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5 Devices you Should Learn to Use as a Nurse

5 Devices you Should Learn to Use as a Nurse

Nurses also benefit from technology advancements such as electronic health records, which collect and store patient information electronically, allowing easy access across the hospital.

Numerous nurses embrace technology to assist them in doing their duties more efficiently and providing superior patient care. If you’re seeking the newest nursing gadgets to help you manage your everyday responsibilities more efficiently, we’ve included a few below. Every day, new technology is transforming the way we live. And today, more than ever, new technology is reshaping the healthcare business.

1. Monitors on Wheels

A portable monitor device enables nursing workers to monitor patients while on the go or assisting another. Mobile devices monitor vital indicators such as the electrocardiogram (ECG), respiration rate, and oxygen saturation while transferring data to a central monitor. It implies that nurses will be notified in the event of an emergency.

Nurses monitor levels on an hourly basis in the majority of hospitals. Portable monitoring equipment enables nurses to monitor and record vital signs at the appropriate moment, even while a great deal more is going on. It allows them to monitor patients continuously from any location inside the hospital. The warnings and alarms sent to nurses through the portable monitor have the potential to save lives.

Nurses learn how to use portable monitors at their assigned hospital, and nursing schools assist students in understanding the importance and general usage of a variety of famous pieces of equipment.

2. EEG Machine

An electroencephalogram (EEG) machine is a device that records the brain’s electrical activity. When put on a patient’s scalp, it has electrodes that may detect any brain activity. The electrodes capture the brain wave patterns, then send them to a computer or cloud server through the EEG equipment.

Nurses should get familiar with EEG technology to give information and assistance to patients that might be nervous about the treatments. Patients must be at ease throughout this examination and knowing how to properly work this technology can provide a sense of comfortability for them.

3. E-Health Records (EHRs)

The age of paper charts has come to an end. Currently, 96 percent of hospitals in the United States employ electronic health records (EHRs), but widespread acceptance is just the first step. In the following years, EHRs will grow to facilitate information exchange between medical practitioners, expanding options for healthcare professionals to manage patients’ whole health.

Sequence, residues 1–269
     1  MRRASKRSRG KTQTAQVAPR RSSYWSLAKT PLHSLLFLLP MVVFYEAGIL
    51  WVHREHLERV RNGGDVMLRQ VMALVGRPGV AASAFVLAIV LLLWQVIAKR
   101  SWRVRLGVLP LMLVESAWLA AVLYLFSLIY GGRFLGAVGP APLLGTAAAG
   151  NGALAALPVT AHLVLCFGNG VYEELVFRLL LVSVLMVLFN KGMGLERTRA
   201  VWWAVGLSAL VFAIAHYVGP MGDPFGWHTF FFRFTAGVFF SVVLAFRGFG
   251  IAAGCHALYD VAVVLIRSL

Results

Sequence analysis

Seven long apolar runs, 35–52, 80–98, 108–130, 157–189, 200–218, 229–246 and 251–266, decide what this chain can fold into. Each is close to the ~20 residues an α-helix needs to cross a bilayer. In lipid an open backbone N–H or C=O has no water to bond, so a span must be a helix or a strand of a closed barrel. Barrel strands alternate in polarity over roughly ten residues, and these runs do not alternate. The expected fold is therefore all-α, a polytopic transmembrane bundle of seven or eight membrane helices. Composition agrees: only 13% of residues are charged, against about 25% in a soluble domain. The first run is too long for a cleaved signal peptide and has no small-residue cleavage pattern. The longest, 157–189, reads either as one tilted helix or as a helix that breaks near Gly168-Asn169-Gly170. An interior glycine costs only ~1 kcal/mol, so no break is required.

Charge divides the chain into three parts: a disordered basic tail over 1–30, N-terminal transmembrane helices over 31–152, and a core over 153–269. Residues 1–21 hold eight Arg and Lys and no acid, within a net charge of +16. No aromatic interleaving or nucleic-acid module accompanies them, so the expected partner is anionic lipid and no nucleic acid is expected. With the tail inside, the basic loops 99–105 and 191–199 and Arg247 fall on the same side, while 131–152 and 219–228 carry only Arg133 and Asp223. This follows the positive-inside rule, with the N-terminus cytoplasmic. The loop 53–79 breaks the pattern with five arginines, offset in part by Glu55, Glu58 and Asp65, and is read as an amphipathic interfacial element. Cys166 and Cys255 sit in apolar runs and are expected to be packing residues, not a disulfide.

It will no longer be sufficient for nurses to know how to input data into an EHR; they will be required to comprehend the data entirely and utilize it to provide better counseling and care to their patients.

4. Electronic IV Administration

Before introducing an electronic intravenous drip (IV) management system, a nurse had to deliver an IV drip to a patient and then monitor the patient constantly to ensure the medication flow was not stopped. Even a slight movement on the part of the patient might affect the IV. The only way to avoid a mistake was for the nurse to be there throughout the procedure, which took time away from caring for other patients and completing other chores.

Electronic IV monitoring devices enable nurses to initiate an IV and then delegate the remainder of the dosage to the machine. In a problem, the system may either resolve it automatically or remotely notify the nurse.

5. Automated Intravenous Pumps

Automatic intravenous pumps regulate the amounts and drip administered to patients. Nurses may adjust drip volumes and medicine dosages using software and medical technology, eliminating patients’ need to wait for adjustments. There are IV feeding pumps that provide required meals at the appropriate times. Additionally, some self-pumps enable patients to increase their own pain medicine in a regulated manner.

Automated IV pumps to aid in the speeding up of nursing operations and might be critical if an urgent correction is required. Changing medicine using a computerized method also eliminates the possibility of human mistakes, which may cause problems for both patients and hospitals.

Automated IV kits allow nurses to concentrate on other aspects of their jobs rather than measuring and administering medicine or meals. Because hospitals use various automatic IV pumps, training and education are often tailored to the particular hospital or clinic where nurses work.

Additionally, many nursing schools provide education and training on new software and technology, such as how automatic IV pumps function and why they are helpful.

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